Curcio says there is no simple solution to meeting demands for justice, although Native American people could pursue reparations. Congress could pass a law eliminating the government’s statute of limitations defense for civil claims in these cases and also waive sovereign immunity, but Curcio says this is unlikely.
Parker says there also is an inherent distrust in the justice system among many Native Americans. Much like they were alienated from their families and tribal lands while in boarding schools, they have a disconnect with the nation’s courts.
“That distrust comes from generations of legal disparities that Native people have witnessed within the court systems and policing. How are we to seek justice in a court system that doesn’t see us?” Parker says.
Added to that, the Indian Child Welfare Act, a federal law governing the removal and out-of-home placement of Native American children, faces a constitutional challenge. The law was passed in 1978 to address the legacy of the boarding schools, including a finding that 80% of Indigenous families had at least one child in foster care. It was enacted to help prevent children from being taken to off-reservation schools or placed in the foster care system.
In February, the U.S. Supreme Court agreed to hear four cases, consolidated under the name Haaland v. Brackeen, involving challenges to the law, which gives placement preference to Native American families in adoption cases involving Native children. Plaintiffs argue that the law violates the equal protection clause.
Many of the Indigenous people the ABA Journal spoke with are encouraged that Haaland, whose grandparents went to the St. Catherine’s Industrial Indian School in Santa Fe, New Mexico, is leading the Federal Indian Boarding School Initiative. But federal investigators and Indigenous groups face an immense task. This is mirrored in the effort to find the U.S. Industrial Indian School’s cemetery in Genoa.
Efforts to unravel the mystery of how students died have been ongoing for more than a year. The Genoa Indian School Digital Reconciliation Project has sent researchers as far as Colorado, Kansas City, Oklahoma and Chicago to gather records. Gaiashkibos says this is because there is no central depository of school records. Sometimes tribes have kept death records. But they didn’t always report them to the federal government, Genoa or Carlisle. This means records were dispersed widely, including at the National Archives in Washington, D.C.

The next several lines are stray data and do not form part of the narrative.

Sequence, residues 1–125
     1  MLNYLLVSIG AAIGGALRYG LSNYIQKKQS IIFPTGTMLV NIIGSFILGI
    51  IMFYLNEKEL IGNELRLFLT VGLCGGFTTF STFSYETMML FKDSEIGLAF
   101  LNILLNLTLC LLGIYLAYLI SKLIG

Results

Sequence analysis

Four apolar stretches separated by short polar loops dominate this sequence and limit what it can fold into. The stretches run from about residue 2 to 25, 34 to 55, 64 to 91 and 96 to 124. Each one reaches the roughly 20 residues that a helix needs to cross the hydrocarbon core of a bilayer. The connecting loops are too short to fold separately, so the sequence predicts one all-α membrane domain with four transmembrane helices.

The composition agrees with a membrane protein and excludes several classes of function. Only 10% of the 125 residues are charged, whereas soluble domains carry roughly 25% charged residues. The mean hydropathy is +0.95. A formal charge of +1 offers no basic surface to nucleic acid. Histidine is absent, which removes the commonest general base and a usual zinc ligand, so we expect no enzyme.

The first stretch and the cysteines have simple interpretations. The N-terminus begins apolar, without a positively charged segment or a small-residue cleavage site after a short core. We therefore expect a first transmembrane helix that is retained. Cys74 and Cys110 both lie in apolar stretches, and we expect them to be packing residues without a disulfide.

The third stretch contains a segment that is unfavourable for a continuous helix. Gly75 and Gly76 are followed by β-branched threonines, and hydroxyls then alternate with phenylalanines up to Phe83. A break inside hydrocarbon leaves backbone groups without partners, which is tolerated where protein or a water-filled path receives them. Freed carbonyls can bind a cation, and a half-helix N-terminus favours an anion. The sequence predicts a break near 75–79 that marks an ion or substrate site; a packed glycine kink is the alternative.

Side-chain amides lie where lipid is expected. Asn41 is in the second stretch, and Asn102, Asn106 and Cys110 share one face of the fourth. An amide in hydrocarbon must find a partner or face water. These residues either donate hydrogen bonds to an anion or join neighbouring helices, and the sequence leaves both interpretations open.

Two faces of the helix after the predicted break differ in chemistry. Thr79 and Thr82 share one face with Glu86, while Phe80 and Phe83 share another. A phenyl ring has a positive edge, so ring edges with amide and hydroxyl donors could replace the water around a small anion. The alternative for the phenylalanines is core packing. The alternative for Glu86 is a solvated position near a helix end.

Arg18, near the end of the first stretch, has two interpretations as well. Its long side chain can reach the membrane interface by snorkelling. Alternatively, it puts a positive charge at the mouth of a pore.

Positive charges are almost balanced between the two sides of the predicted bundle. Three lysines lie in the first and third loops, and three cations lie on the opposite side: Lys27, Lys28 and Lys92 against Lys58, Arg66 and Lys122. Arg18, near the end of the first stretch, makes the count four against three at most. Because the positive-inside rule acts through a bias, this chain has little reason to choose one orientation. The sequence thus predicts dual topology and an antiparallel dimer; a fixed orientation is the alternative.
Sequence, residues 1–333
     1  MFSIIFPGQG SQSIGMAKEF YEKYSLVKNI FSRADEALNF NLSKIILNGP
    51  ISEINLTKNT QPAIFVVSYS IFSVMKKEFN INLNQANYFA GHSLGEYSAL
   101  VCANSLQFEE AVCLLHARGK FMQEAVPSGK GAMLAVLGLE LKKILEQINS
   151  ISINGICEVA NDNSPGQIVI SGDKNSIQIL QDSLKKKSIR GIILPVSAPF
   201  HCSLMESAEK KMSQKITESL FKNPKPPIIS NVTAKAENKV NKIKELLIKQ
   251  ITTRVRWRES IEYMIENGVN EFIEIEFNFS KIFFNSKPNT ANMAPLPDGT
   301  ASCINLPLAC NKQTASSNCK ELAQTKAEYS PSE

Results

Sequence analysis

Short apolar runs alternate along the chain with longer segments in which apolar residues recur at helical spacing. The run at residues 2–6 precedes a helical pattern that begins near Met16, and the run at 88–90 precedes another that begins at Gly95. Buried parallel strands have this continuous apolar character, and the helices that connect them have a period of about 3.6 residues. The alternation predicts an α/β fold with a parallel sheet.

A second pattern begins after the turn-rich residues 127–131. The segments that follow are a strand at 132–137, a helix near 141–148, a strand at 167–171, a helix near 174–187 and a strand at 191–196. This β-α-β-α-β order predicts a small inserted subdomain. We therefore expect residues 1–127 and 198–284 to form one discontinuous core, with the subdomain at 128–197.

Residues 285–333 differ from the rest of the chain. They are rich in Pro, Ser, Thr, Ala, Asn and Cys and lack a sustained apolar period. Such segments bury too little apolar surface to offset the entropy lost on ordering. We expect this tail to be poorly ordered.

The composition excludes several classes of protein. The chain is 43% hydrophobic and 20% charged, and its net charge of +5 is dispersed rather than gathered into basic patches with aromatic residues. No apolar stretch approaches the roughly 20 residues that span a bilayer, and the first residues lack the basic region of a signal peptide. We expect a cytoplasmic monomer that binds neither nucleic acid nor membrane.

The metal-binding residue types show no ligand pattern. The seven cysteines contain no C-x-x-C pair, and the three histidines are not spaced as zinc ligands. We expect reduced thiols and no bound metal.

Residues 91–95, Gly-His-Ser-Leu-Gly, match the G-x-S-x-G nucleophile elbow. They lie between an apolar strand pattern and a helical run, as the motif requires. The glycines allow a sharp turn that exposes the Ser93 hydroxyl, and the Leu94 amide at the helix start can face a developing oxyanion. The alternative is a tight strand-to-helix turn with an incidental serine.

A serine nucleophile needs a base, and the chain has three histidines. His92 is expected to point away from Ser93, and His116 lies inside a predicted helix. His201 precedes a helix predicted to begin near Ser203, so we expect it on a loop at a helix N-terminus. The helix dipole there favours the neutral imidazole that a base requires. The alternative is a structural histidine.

University of Nebraska-Lincoln historian Margaret D. Jacobs, who also is part of gaiashkibos’ research team, says they relied on notices in the local newspaper, the Genoa Times, and archives of the newsletter that students published at the school. The newsletter was once called the Pipe of Peace, then the Indian News.
The way the local newspaper reported on deaths shows a callous indifference, Jacobs says. The notices were not obituaries, but rather summaries. They were inserted, almost as an afterthought, between advertisements and articles.
“The death notices of the children, as you might imagine, are so different because these are their friends and their peers,” says Jacobs, explaining what researchers found in the student newsletters. “This is terrifying to the children, and so their death notices are more detailed. They’ll tell you what the child likes to do. They’ll tell you about sports that they played.”
In the course of gaiashkibos’ search for the Genoa cemetery, the trail led her to land owned by a farmer. He was cooperative, but gaiashkibos made clear she would use whatever authority she has to find the children, including getting a court order.
“I would be willing to do that to find those children’s graves. I’m not doing it in a hostile way. I’m doing this because I have to do it. It’s more important to find those children than risk upsetting someone,” she says.
Last year, then-state archaeologist Rob Bozell worked with a contractor to collect data and scan 12 potential gravesites with ground-penetrating radar, but an analysis of data it gathered did not reveal the cemetery’s location.
Canadian lawyer and law professor Kathleen Elizabeth Mahoney says reaching a settlement in Canada meant putting demands for justice into the hands of Indigenous people and respecting their legal principles, which are often based on the community rather than individuals.